Trustee candidates release joint statement of solidarity

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Trustee candidates release joint statement of solidarity

TWEET: Trustee candidates release a joint statement of solidarity given the student trustee election controversy

Collin Schumock and Spencer Haydary released a joint statement of solidarity in light of the student trustee election controversy.

Haydary and Schumock, both juniors in LAS, were the two main candidates for student trustee. Schumock won the election by less than 130 votes, according to the unofficial election results released March 11. The official results are not yet available.

Haydary filed a contest after the election results, because Schumock received a written endorsement by Illinois Student Senate President Mitch Dickey.

Dickey’s endorsement was published by The Daily Illini as a Letter to the Editor on March 8.

Haydary said the endorsement from the student body president violated campaign bylaws and the constitution of the Illinois Student Senate at the hearing held by the Campus Student Election Commission two weeks ago.

However, Schumock said Haydary submitted his complaint too late after the election results and that Dickey’s endorsement did not violate the student senate constitution.

Since the hearing, Haydary has dropped his contest against Schumock. Shortly after, they released their joint solidarity statement.

“The reason I dropped my contest is because it was dividing our campus, and that’s not what I campaigned for,” Haydary said. “I campaigned to unite the campus. I don’t have to be the student trustee in order to resolve student issues.”

In the statement, both Schumock and Haydary said the contest of the student trustee election has resulted in “unnecessary division and disagreement” within the campus community.

“Therefore, we have jointly decided to drop our claims against each other and end the contest of the election,” they said.

Both Schumock and Haydary also agree that there needs to be some form of election reform. Specifically, Schumock said there are not clear definitions between a campaign complaint and an election contest.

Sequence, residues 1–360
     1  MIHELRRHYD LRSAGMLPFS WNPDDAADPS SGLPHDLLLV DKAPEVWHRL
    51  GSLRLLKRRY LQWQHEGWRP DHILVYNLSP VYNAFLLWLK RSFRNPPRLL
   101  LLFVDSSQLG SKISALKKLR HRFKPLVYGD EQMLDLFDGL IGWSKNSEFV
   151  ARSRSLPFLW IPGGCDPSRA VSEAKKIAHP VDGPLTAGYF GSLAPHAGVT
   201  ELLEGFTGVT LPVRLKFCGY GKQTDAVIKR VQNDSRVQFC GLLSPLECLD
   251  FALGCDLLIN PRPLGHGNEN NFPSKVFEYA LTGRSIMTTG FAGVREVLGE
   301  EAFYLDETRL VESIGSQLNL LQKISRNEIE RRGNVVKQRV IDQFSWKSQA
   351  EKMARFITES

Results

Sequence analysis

“The rules as they’re written are fair, but in some cases, there needs to be things that are added, amended and clarified, and in some cases, some aspects need to be removed,” Schumock said.

Schumock said election contests are not uncommon when it comes to the student trustee position. In the ‘80s, a contest resulted in legal action and was brought to the courts.

“There’s a history of this happening, so we need to have an election system where there’s enough confidence in the results that we’re not having hearings every year,” Schumock said.

Still, Schumock said that Haydary genuinely cares about students.

“If he really thought the right thing to do was contest the results, then he should have,” Schumock said.

In the statement, Schumock and Haydary stress that they will continue to work together on campus to advocate for mental health services, combat racism and discrimination, promote the values of ethics and unite the University’s diverse campus community.

“We have both enjoyed the campaign and election process. We met thousands of passionate, engaged students,” they said in the statement. “Although there is a lot of work to do, we are confident that the great Illini family will forge ahead to achieve our university’s mission of enhancing the lives of people from Illinois, across the nation and around the world.”

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